The U.S. Federal Emergency Management Agency (FEMA) is expecting to secure orders and authorisations for a January 2020 renewal of the National Flood Insurance Program’s (NFIP) traditional reinsurance program in the coming days.
FEMA was aiming for firm order terms to be in place by the end of last week, while final tenders from the reinsurance markets seeking to participate in the NFIP program renewal are targeted for the end of this week, at which point authorisations are expected to have been secured.
FEMA renewed its traditional reinsurance at the January 2019 renewals, securing $1.32 billion of cover from a panel of 28 private reinsurers.
For 2020, the Agency remains open to multi-year reinsurance protection, while sizing of the renewal is harder to gauge given FEMA has added an second catastrophe bond that provides it with $300 million of multi-year reinsurance from the capital markets in the last year.
The agency originally began its reinsurance journey back in 2016, when it tested the market with a small purchase of just $1 million of flood reinsurance for the NFIP from September 19th 2016 running through until March 19th 2017.
It followed this with a January 2017 NFIP flood reinsurance placement covering a $1.024 billion layer of risk, supplied by a panel of 25 reinsurers and then in January 2018 FEMA purchased an enlarged and restructured $1.46 billion reinsurance placement, from a panel of 28 private market reinsurers.
FEMA then came to the catastrophe bond market for the first time, resulting in the successful placement of a $500 million FloodSmart Re Ltd. (Series 2018-1) cat bond, which also represented the first multi-year flood reinsurance protection that the Agency had purchased.
This was followed by the January 2019 $1.32 billion traditional reinsurance renewal placement and then the second cat bond issuance of a $300 million FloodSmart Re Ltd. (Series 2019-1) transaction.
Which leaves FEMA with $2.12 billion of in-force flood reinsurance coverage for the NFIP currently, from the 2019 traditional reinsurance renewal and the $800 million of multi-year cat bond protection.
But with $1.32 billion of the NFIP’s reinsurance program set to expire at the end of this year, the renewal will likely see another large renewal placement into the traditional reinsurance market.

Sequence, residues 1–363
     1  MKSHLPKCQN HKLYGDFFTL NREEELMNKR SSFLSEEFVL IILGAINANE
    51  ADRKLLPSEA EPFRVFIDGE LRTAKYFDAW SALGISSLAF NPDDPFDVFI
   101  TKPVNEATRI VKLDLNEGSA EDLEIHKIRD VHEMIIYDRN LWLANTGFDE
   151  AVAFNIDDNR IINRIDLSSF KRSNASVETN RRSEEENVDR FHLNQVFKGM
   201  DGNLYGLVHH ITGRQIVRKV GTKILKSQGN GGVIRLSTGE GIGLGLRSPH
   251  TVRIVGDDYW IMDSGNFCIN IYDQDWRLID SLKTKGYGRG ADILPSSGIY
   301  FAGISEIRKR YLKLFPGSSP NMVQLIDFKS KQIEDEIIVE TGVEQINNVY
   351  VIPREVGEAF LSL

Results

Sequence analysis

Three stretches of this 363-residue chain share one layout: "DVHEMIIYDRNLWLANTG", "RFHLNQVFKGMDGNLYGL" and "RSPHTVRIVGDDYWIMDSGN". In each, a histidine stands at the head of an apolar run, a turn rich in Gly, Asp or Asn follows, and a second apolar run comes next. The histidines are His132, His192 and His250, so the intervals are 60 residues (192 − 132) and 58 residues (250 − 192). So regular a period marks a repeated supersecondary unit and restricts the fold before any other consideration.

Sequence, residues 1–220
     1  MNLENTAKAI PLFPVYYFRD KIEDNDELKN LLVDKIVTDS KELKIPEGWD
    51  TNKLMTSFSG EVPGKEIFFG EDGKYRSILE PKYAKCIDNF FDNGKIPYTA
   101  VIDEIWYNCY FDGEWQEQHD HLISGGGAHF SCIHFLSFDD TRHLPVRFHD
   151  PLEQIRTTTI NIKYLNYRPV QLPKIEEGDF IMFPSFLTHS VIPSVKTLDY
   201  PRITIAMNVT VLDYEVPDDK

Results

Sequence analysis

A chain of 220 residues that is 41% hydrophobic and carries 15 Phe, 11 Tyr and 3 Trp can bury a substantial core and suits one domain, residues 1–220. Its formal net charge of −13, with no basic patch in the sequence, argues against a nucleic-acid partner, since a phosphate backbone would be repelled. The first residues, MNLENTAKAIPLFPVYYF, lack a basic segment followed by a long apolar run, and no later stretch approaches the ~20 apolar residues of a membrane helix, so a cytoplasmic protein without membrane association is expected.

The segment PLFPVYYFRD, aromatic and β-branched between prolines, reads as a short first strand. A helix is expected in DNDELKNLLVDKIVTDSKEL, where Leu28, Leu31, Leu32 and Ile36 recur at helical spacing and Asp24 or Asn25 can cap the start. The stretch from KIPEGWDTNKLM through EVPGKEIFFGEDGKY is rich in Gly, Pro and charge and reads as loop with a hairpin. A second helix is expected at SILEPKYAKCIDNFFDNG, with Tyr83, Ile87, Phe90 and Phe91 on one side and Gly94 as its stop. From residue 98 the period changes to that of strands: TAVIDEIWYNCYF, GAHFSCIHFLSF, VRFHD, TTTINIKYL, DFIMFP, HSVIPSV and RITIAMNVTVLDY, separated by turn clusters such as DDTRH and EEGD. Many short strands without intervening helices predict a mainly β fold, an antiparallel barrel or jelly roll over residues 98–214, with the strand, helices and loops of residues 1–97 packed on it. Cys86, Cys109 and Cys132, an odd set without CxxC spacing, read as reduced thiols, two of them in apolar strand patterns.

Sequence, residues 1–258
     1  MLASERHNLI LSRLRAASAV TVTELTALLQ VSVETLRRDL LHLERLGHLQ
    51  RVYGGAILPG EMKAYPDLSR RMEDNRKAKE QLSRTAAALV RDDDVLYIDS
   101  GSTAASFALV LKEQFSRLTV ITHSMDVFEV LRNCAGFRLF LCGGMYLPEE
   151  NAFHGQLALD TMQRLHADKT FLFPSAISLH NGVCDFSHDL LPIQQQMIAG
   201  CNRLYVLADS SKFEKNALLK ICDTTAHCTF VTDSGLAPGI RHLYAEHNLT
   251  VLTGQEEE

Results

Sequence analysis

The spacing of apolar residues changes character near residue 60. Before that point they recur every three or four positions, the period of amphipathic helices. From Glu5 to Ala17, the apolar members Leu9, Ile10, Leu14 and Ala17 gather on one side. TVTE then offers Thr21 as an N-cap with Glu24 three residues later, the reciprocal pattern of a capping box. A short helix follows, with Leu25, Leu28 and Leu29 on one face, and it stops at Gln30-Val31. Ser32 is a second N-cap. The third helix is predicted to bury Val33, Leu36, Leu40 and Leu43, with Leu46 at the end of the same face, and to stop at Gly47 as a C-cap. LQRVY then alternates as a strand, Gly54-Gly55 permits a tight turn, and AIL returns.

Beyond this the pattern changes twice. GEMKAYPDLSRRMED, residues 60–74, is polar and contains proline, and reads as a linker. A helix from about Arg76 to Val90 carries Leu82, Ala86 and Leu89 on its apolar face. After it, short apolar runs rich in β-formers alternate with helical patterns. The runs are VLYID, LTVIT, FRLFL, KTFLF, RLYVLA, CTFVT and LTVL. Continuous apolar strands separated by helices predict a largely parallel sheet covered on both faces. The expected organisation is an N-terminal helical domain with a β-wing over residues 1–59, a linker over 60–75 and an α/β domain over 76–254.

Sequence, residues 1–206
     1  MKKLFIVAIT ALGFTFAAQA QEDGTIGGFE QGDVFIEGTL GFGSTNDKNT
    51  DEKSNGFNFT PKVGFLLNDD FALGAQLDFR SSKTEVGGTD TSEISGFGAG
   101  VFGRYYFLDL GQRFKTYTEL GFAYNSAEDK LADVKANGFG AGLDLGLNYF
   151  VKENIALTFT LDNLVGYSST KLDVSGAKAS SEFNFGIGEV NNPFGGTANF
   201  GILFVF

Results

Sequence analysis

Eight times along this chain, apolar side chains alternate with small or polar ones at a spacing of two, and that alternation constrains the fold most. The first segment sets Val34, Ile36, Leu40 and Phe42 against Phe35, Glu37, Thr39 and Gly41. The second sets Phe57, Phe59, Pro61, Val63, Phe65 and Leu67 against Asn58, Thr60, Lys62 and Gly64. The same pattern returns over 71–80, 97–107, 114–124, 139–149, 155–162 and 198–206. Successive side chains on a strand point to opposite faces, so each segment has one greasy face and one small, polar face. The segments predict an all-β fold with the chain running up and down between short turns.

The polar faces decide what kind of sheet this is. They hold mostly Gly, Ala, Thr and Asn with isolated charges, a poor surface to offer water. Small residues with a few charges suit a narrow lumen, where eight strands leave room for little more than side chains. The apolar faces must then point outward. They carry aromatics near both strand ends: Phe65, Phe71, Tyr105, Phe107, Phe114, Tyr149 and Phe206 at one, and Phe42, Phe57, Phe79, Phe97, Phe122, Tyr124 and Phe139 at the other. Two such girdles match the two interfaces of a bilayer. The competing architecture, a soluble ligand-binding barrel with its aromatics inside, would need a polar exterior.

For its 2020 reinsurance renewal, FEMA has commissioned its reinsurance broker Guy Carpenter to arrange the placement for January 1st 2020.
In order to participate in the NFIP reinsurance renewal for 2020, reinsurer vendors needed to submit a request to participate by November 14th 2019, at which point firm order terms were expected to have been set.
So firm order terms are likely in place by now and with final tenders required by November 22nd 2019, the authorisations from vendors are likely to all be in place by the end of this week (if the schedule has been met).
FEMA again aims to procure reinsurance to cover flood risk in the United States that is insured by the NFIP, with the reinsurance to be effective for one or more years. It will be interesting to see whether FEMA elects to procure multi-year traditional reinsurance this time around, or sticks with the multi-year coverage being in its cat bond program.
As in previous NFIP program renewals, the reinsurance cover will be indemnity based and FEMA will pay a reinsurance premium to transfer a portion of the NFIP’s flood-risk to the participating reinsurers, so the reinsurers will become responsible for paying potential NFIP losses, as defined under the reinsurance agreement.
The target size of the 2020 NFIP reinsurance renewal placement has not yet been specified and we’re sure that FEMA and its brokers will be considering catastrophe bond market conditions as well, as it could opt to sponsor another FloodSmart cat bond later next year.
Reinsurance firms and ILS specialists aiming to participate in the 2020 reinsurance renewal for FEMA’s NFIP program will have to meet minimum requirements, including having a rating or a minimum amount of policyholder surplus.
As in previous years, this suggests any ILS market participation will be fronted or through one of the rated reinsurers owned and operated by an ILS manager.
As lawmakers in the United States continue to push for the National Flood Insurance Program (NFIP) to reduce exposure for taxpayers, by de-risking and privatising risk, it’s encouraging to see the use of reinsurance continuing, with another renewal around the corner.
FEMA said that it is, “committed to further developing and maturing the Reinsurance Program to help strengthen the financial framework,” adding that the program enables an, “expansion of the role of private markets in managing flood risk,” and that FEMA anticipates, “continuing its reinsurance program and plans to secure a new reinsurance placement in January 2020.”
We’ll update you when further information becomes available around the year-end.